Whitey Went Fishing, Leaving Wally on a Hook

Thought for the day:

“Business before pleasure, except when the walleye are biting, and Wally Joyner isn’t.”

--Old American folk idiom, updated by Whitey Herzog. And some others:

Four Reasons to Believe the Angels Are Preparing for Life Without Wally Joyner Any Day Now.


1. Angels President Richard Brown hands the complete and unabridged Joyner contract file to Whitey Herzog--Joyner and Angel General Manager Dan O’Brien have had an acrimonious past--and tells Herzog, in essence, “Get back to us when you have a deal.” Days before the deadline Brown eventually sets for Joyner, Herzog is in Arkansas, taping a fishing show for ESPN. Go Fish is a card game, not often a winning maneuver in the contract negotiation game.

2. The deadline. Brown knew Joyner wasn’t returning from his Hawaiian vacation until Friday afternoon. If Joyner was truly vacationing, he should have been nowhere near a fax machine.

3. Vibes. The Angels’ $27.5-million offer to Bobby Bonilla, Option No. 1, with Jackie Autry saying she sincerely doubts Gene Autry’s payroll can accommodate both Bonilla and Joyner. Gene Autry’s thundering on-the-record silence. The stray, off-the-cuff comments heard around Anaheim Stadium this season--that Joyner’s uniform requires too little laundering, that Joyner values dollar signs over hit-and-run signs, that the new front office really likes Lee Stevens.

4. Lee Stevens. When Joyner was 23, he batted .283 with 12 home runs and 73 RBIs for Edmonton. The next year, he replaced Rod Carew. Stevens batted .314 with 19 home runs and 96 RBIs for Edmonton this season. He turned 24 in July.


Five Reasons to Believe Collective Pride and Ego Will Be Swallowed and Everybody Will Look Back On This and Laugh Someday. 1. Left field is where Herzog really wants Stevens in 1992. If Joyner leaves, Stevens plays first, meaning Luis Polonia returns to left, and nobody wants that.

2. Turnstiles. Joyner doesn’t turn them the way he did in 1986, but wait and hear how they sound without him.

3. The Dodgers. If they scoop up Joyner, how could the Angels ever live it down? Dodger fan to Angel fan, Freeway Series, 1992: “Glad we could take that big contract at first base off your hands. Say, how’d Fernando work out for you guys?”

4. The Royals. Sure-to-happen headline, late October, 1992: “Joyner Home Run Lifts Royals Past Braves in Game 7.”


5. “Lee World.” Besides a syllable, it loses something.

Should Joyner Stay Or Should He Go? For Further Consideration ... 1. The Angels can say they never won a pennant with Joyner, but that’s easier said than examined. Joyner took them to the brink in 1986; he played three games, hit .455, hit a home run at Fenway and had the Angels one up on the Red Sox, two games to one. Then came the then-mysterious leg injury, since diagnosed as a staph infection, and a lot of other events that remain a mystery.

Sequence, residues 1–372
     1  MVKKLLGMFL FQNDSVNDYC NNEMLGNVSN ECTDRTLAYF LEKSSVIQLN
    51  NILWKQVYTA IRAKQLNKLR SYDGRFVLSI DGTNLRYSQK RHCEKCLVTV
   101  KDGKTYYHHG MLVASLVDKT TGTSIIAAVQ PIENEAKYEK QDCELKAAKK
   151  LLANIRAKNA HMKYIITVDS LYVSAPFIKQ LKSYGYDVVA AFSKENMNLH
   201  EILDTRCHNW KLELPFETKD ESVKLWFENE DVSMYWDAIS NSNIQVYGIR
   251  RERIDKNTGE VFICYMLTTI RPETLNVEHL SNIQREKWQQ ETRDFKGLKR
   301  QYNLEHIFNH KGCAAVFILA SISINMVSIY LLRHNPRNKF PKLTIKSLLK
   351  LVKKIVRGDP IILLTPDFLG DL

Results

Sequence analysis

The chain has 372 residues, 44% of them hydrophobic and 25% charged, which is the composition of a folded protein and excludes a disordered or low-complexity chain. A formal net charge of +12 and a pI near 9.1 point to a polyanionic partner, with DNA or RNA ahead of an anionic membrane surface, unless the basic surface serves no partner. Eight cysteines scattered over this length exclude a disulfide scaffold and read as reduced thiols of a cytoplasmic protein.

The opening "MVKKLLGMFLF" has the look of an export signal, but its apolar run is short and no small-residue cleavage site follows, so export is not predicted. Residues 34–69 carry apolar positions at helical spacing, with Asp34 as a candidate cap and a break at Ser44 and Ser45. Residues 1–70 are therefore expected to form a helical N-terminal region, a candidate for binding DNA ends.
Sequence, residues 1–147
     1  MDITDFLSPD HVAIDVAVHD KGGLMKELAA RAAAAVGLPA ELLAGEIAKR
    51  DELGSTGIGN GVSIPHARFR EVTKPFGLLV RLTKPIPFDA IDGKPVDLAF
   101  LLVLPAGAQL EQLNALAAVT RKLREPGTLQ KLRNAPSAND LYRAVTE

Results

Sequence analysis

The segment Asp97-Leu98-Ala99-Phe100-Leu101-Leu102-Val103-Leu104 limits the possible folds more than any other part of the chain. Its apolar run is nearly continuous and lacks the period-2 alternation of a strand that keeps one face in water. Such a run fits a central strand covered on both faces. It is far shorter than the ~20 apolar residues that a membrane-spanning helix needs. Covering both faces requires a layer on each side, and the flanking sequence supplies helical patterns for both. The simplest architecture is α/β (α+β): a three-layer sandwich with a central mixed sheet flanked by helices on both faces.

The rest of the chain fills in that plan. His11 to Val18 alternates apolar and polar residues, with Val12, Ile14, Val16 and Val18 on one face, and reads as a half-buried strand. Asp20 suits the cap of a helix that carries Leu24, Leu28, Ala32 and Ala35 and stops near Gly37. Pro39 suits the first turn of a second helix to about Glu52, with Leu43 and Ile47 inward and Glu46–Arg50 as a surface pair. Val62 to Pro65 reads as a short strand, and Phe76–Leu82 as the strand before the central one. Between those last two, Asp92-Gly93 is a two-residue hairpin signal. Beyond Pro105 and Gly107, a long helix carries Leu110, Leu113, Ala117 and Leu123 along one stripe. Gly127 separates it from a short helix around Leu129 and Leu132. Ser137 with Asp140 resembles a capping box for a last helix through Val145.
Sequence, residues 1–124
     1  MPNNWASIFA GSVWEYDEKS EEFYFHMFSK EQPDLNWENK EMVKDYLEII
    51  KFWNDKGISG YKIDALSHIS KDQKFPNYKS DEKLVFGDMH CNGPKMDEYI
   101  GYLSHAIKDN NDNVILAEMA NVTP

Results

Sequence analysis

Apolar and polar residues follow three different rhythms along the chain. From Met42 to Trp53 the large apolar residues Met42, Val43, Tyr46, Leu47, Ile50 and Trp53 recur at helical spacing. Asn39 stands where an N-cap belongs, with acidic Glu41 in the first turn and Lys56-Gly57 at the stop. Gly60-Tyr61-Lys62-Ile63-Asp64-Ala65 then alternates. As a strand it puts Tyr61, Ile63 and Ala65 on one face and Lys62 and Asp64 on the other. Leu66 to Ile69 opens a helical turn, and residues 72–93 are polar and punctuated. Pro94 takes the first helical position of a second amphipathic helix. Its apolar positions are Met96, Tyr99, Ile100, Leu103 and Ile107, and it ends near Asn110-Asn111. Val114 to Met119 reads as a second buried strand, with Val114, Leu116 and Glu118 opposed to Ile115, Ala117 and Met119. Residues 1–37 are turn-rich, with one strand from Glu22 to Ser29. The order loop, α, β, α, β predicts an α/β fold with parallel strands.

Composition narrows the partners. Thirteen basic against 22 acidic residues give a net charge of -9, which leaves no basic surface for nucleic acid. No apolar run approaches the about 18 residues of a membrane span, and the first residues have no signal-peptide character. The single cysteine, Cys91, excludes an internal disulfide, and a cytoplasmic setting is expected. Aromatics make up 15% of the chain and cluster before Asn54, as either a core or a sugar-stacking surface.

2. If Joyner leaves, and Dick Schofield follows--and the latter is the leader in the probability stakes--Lance Parrish will be the dean of the Angel regular position players. (Parrish joined the Angels in 1989.) Unless Herzog dumps the last year of Parrish’s hefty contract on someone else. Do that, and Luis Polonia (acquired from New York, April 29, 1990) becomes the dean.

3. Joyner has had his off-years--namely 1988, 1989 and 1990--but he is already fifth on the Angels’ all-time RBI list, seventh in home runs, fourth in extra base hits and third in career batting average. He is the only Angel to have driven in 100 runs in more than one season, a feat he’d have accomplished three times with four more RBIs in 1991.


One Trade The Angels Would Like to Have Back If They Could. (Sorry, Limit Is One.)

Dec. 2, 1990: Devon White, Willie Fraser and Marcus Moore to the Toronto Blue Jays for Junior Felix, Luis Sojo and Kenneth Rivers.

It’s not so much what White did for Toronto, which was bat leadoff all the way into the playoffs. It’s what Felix and Sojo did for the Angels. This week in Miami, Herzog and Buck Rodgers would like to replace both if they could, which is why free-agent center fielder Otis Nixon and Montreal second baseman Delino DeShields now grace the top of their look list.

What Flavor Is The Angels’ Pie in the Sky? Barry, as in Bonds. If the reports out of Pittsburgh are true, the trade will never happen. In exchange for Bonds, heading into his free-agent season and worth, oh, $1 million-a-year more than Bobby Bonilla, the Pirates are said to want Jim Abbott, Lee Stevens and another prospect. Abbott is as close to untouchable as it gets it Anaheim, and if Stevens goes, and Joyner goes, who’s on first?


Then, if they get Bonds, they have to sign him or risk losing him after 1992. And how might those negotiations develop? By comparison, Joyner-Angels is a warm-up act.

Most Foreboding Development in the Wally Joyner Negotiations. According to Barry Axelrod, Joyner’s legal representative, all the numbers on the Angels’ contract offer are in place. The only hitch, Axelrod says, is “the distribution.”

That’s what Frank Deford said about The National, too.